International Map of the World
The International Map of the World (called the Millionth Map after its scale of 1:1000000) was a project begun in 1913 to create a complete map of the world according to internationally agreed standards. Roads were depicted in red, towns and railways were depicted in black, and the labels were written in the Roman alphabet.
The Central Bureau of the Map of the World was established at the Ordnance Survey in London. After the Second World War, the United Nations took over the project, and interest waned. Only 800 to 1,000 of 2,500 planned maps were completed.
Map Indexing System
A system was developed for dividing the globe into sections spanning six degrees of longitude by four degrees latitude. Longitudinal slices are numbered 1 (180-174°West) through 60 (174-180°East). Latitudinal slices are named NA (0-4°North) through NV (84-88°North) and SA (0-4°South) through SV (84-88°South). For example
- Map NJ-10 covers 36-40°N, 120-126°W including San Francisco at .
- SG-35 covers 24-28°S, 24-30°E including Johannesburg at .
- NL-49 (below, right) covers 44-48N, 48-54E including Astrakhan at .
- NI-54 covers 32-36°N, 138-144°E including Tokyo at .
Due to shortening of longitudinal distances with increasing latitude, longitudinal span beyond 60 degrees latitude doubles to twelve degrees. Beyond 76 degrees it doubles again to 24 degrees.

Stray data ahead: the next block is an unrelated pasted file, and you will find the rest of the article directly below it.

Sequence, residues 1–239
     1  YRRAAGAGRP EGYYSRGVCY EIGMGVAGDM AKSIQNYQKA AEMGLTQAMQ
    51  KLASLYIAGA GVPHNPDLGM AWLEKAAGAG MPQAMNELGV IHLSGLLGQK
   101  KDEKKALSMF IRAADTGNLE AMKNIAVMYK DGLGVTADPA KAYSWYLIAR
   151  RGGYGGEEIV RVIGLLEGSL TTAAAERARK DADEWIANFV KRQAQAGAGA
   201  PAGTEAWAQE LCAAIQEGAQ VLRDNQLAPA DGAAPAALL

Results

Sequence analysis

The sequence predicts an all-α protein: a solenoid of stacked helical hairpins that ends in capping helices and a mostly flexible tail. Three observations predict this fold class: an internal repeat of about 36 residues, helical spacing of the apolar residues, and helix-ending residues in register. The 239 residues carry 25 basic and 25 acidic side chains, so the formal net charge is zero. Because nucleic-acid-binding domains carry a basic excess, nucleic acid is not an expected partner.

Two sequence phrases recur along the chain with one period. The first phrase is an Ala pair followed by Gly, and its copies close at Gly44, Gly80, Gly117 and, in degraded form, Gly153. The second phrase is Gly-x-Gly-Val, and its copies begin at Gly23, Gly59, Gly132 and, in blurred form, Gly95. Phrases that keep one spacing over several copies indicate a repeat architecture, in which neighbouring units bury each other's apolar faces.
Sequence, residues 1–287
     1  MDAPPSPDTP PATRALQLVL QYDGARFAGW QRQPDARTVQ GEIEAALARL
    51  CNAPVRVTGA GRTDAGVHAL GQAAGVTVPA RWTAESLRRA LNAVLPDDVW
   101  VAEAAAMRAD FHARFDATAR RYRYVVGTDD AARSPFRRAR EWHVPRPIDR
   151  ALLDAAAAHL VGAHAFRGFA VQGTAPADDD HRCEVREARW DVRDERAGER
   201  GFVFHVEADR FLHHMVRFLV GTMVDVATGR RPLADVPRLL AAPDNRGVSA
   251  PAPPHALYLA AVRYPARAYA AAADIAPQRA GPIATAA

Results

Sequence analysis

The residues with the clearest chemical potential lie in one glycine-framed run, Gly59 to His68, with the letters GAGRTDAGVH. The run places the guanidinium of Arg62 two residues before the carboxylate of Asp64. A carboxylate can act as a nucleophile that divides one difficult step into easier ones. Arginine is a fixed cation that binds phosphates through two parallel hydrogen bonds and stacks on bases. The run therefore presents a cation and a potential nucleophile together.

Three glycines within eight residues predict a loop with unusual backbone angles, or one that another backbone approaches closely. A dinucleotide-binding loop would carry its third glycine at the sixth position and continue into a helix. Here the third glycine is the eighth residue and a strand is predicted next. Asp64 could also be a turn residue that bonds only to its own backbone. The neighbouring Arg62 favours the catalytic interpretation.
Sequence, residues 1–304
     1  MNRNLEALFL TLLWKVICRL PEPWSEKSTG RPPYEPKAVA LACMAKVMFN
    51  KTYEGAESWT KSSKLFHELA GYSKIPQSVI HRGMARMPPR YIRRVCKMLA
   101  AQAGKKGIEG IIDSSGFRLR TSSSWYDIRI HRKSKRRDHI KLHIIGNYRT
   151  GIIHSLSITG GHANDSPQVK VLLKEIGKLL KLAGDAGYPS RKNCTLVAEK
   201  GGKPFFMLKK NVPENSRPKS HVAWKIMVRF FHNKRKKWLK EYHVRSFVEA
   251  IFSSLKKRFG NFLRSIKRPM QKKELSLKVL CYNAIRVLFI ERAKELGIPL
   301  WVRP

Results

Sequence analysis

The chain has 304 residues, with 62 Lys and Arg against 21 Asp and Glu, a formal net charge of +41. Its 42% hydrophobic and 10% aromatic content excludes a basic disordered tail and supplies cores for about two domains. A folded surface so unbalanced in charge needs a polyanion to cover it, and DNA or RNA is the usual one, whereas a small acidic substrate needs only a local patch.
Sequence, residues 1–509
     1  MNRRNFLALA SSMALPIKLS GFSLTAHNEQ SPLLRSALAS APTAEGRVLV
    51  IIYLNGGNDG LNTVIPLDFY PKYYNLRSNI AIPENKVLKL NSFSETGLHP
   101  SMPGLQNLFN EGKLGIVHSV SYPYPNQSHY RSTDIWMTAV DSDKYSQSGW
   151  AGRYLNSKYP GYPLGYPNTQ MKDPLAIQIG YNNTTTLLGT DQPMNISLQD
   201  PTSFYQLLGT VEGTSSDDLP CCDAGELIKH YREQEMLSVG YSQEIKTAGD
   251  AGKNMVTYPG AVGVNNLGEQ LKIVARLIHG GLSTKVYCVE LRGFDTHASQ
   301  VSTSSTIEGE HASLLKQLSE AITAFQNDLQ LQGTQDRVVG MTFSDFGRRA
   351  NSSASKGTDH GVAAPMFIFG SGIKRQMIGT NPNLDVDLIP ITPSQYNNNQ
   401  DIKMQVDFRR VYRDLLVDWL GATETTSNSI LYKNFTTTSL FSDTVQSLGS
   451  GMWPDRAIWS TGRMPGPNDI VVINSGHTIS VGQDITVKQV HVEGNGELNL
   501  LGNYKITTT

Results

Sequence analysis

- "International Map of the World".
- "The International Map of the World and its Numbering System". Retrieved 2011-06-26.
- NJ 10 San Francisco Bay (Map). 1:1 million. World (North America). U.S.A. Corps of Engineers. Army Map Service. 1962. Retrieved 2011-06-26.
- SG 35 Johannesburg (Map). World (Africa). ...Army Map Service. c. 1962.
- NI 54 Tokyo (Map). World (Asia). ...Army Map Service. 1957.
- "Topographic Maps". Retrieved 2011-06-26.
- Советская система разграфки и номенклатуры топографических карт [Soviet system of subdividing and naming topographic maps]. Wikipedia (in Russian). Retrieved 2011-06-26.
- ...Army Map Service. "International Map of the World 1:1,000,000". University of Texas at Austin. Retrieved 2011-06-26.
|Wikimedia Commons has media related to International Map of the World.|
|This cartography or mapping term article is a stub. You can help Wikipedia by expanding it.|